Inter-Ministry Cohort: As an individual, join an EGC-hosted inter-ministry cohort where you can grow with other White evangelicals and receive support to apply what you are learning in your spheres of influence.
Why are we Focusing on White People?
We recognize that:
Both White people and people of color need to be working toward biblical reconciliation in order for justice and healing to take place.
Because White people have the option to not think about or engage in issues of race, if and when they choose to do so, they often encounter a steep learning curve. People of all races benefit if White people take time to learn and grow before interacting across racial lines.
It is not the responsibility of people of color to teach White people about race. White people should bear this responsibility.
The experiences, capacity, and call of Megan Lietz, founder and director of the RCCI, make her best suited to focus on White evangelicals. We hope to address issues of race in the context of Christian community more broadly as we develop a multiracial team over time.
Our Accountability to People of Color
The Race & Christian Community Initiative intentionally places itself under the leadership, guidance, and accountability of people of color. We recognize that our work needs to be evaluated by people of color, as it is people of color who can best determine if genuine progress is being made.
Advisers: A group of ad hoc advisers meet to speak into the happenings and development of the RCCI.
We prioritize the voices of Black and brown people in our learning experiences through the media, guest engagements, attending gatherings led by people of color, and participating in cross-racial collaboration.
We intentionally ask people of color we are working with how their experience with us was for them, where we are doing well, and how they think we could grow.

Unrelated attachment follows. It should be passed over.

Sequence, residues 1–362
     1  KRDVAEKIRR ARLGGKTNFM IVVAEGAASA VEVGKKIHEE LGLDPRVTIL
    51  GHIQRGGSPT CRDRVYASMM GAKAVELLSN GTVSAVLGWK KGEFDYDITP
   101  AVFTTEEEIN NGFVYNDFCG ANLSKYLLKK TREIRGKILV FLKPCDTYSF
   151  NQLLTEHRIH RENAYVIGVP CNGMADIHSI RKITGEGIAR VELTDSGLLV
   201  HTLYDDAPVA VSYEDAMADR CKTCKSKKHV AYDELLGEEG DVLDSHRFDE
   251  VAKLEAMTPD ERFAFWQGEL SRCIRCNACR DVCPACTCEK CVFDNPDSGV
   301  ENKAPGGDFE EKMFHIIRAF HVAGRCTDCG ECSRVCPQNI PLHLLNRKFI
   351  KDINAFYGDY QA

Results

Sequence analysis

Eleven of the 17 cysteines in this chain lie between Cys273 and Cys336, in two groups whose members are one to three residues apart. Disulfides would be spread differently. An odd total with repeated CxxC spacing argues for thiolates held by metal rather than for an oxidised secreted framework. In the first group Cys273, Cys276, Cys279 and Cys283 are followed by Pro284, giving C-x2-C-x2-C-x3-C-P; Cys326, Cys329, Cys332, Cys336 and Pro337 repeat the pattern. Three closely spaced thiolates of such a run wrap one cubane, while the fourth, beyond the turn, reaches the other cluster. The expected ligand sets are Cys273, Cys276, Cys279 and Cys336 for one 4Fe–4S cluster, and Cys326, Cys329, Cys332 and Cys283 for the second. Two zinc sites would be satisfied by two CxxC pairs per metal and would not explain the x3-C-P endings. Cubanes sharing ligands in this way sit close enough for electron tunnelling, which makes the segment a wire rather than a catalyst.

We listen to the perspectives of people of color as they speak into the development of our ministry.
We share with ministry participants how people of color are overseeing and shaping this ministry.
Do you have any other suggestions for how we can stay accountable to our brothers and sisters of color? If so, please let us know.
Megan Lietz, Director of RCCI
Raised in a rural, White community, Megan never imagined living in the city or working toward racial reconciliation. But God has led her to immerse herself in diverse, urban contexts and she has come to call these communities her own. Megan's studies and experiences have helped her develop a rich theology of race relations, with a desire to live it out.
She holds a Master of Divinity from Gordon-Conwell's Center for Urban Ministerial Education, and a Masters in Sacred Theology from Boston University, where she studied power dynamics in multiracial congregations. Megan served on staff at a Black church for five years and has spent most of her time in the city living in the Codman Square neighborhood of Dorchester. As a White evangelical, her love for both this community and people of color compels her to lead White evangelicals in the ongoing self-work critical to biblical reconciliation.
When not at work, Megan serves at Abundant Life Church in Cambridge and enjoys cooking, reading, outdoor exercise, and spending time with her husband, Derek, and daughter, Grace.